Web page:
Rob is a Canadian writer that shares my passion for cultural ethnography. Rob is currently traveling the globe after spending a year teaching in SoKo, so be sure to keep up with his travels at Momentum. Some content is NSFW. They had to use their wits to uncover which of them was secretly the murderer. This show sparked my interest in Korean language learning, which in turn, made me more serious about coming to work in Korea.
Crime Scene also taught me a lot about the culture and the way that things operate over here. The player who discovers the watch gasps, realizing that she has seen the same watch adorned by one of the suspects. After a pause of the show and one quick google search and now, after 7 months of living in South Korea I can tell you that couple items are indeed quite the identifier.
In South Korea, couples are often seen adorning the exact same outfit. As it turns out, couple items are merely a scrape on the surface of the relationship culture in South Korea. On my first day of school my students asked me if I had a wife. It took several months before my co-teacher became comfortable enough to ask me about these things. Koreans love hearing about people being in relationships, and they love being in them too for the most part.
Firstly, if you are a woman in South Korea, February 14th is important for you. KakaoTalk, which is the common texting application in Korea, includes a feature that allows you to see when someone reads your messages.
All of these notions add up to one clear truth about the couple culture here — it is very superficial. Being yourself and falling for someone who you truly connect with are things that seem to be on the backburner in certain situations. The popular 'couple look' How long can such charades last? How long do people keep up an act for? And when does marriage and serious commitment come into play? My two main co-teachers are both married with children. The structure of the sentence itself was layered with a deep subtext of assumptions, especially when it comes to gender roles in relationships.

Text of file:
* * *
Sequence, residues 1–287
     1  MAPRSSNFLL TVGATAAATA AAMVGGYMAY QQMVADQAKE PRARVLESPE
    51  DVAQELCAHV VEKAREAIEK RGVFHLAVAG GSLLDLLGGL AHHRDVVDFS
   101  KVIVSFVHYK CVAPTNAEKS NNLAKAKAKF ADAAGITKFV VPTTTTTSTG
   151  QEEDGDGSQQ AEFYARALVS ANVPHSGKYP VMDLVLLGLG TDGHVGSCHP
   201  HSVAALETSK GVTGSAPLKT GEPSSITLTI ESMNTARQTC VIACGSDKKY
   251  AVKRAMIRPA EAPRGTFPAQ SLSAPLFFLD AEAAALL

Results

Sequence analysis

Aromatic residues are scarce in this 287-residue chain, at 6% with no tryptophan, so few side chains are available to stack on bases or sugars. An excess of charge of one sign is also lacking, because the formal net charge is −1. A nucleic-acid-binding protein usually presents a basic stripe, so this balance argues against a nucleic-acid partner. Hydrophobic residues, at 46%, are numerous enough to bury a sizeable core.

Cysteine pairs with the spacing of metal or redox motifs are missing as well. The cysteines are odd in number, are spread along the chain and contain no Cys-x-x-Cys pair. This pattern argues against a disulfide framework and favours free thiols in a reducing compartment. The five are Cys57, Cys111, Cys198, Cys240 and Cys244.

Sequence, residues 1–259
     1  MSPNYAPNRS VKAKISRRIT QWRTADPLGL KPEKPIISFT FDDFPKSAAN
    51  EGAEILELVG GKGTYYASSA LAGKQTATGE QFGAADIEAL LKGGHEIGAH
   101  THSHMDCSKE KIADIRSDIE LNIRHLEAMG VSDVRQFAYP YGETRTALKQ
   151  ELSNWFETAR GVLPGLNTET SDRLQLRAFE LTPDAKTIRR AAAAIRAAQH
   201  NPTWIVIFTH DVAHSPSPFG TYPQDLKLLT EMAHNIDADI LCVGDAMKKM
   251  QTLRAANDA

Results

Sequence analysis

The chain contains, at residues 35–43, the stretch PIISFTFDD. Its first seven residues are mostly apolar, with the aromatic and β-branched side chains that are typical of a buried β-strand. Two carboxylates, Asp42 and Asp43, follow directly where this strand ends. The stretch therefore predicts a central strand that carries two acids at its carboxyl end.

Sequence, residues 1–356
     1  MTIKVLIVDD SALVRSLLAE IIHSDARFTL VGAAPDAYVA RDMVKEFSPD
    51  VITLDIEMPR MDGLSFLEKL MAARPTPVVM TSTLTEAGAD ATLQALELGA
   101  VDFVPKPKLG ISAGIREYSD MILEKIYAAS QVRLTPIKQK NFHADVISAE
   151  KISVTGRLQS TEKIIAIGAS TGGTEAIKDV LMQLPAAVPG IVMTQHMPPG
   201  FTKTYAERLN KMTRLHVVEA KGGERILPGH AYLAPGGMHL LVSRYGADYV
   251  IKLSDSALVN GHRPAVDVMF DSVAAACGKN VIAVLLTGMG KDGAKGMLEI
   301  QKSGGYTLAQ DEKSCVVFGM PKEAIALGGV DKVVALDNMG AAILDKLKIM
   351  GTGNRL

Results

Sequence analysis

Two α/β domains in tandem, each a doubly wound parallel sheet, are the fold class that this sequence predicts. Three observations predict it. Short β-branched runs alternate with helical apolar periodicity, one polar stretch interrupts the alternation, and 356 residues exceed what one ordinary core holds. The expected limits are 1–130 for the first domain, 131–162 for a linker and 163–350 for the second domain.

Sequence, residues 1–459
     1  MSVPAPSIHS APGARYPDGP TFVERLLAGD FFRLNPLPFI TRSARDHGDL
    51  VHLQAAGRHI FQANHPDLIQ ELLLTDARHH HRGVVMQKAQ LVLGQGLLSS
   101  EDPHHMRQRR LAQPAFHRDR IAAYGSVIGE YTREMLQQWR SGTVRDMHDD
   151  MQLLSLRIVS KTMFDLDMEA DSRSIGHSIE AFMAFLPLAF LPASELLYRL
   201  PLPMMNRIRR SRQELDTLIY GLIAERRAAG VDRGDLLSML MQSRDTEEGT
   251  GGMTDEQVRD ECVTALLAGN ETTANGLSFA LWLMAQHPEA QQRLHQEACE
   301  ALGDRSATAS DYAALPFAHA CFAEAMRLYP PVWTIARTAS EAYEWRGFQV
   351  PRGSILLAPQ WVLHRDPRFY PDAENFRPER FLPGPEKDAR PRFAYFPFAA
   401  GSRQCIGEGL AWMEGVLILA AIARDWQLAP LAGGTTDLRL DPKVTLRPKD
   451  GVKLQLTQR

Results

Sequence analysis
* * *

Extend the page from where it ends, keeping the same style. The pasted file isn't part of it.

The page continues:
But what about looks? Your personalities have to be compatible. I had believed it was a universal truth, not a cultural belief.
How do you make that work?! In other words, how much effort you put into your image declares to that other person how much you value them. This shines a light on a lot of the behavior in Korea then, especially something like constantly texting — it can be seen as a test of effort more than a vitally important part of the relationship.
To boot, hardly anyone wears their wedding rings and South Korea, in fact, has one of the higher divorce rates in the world. Sexual imagery and stimulus is strictly prohibited. As one would expect from the conservatism of the society, sexual activity seems very private and rarely talked about amongst individuals, especially those who are not part of the younger generation.
When it comes to the younger generation, however, sex is a little less embarrassing. In fact, the day rule is a common motto followed by many girls who are dating. I will explain it but, like, you probably know what it means already. After 30 days, a girl feels that she will finally be willing to consent to sex.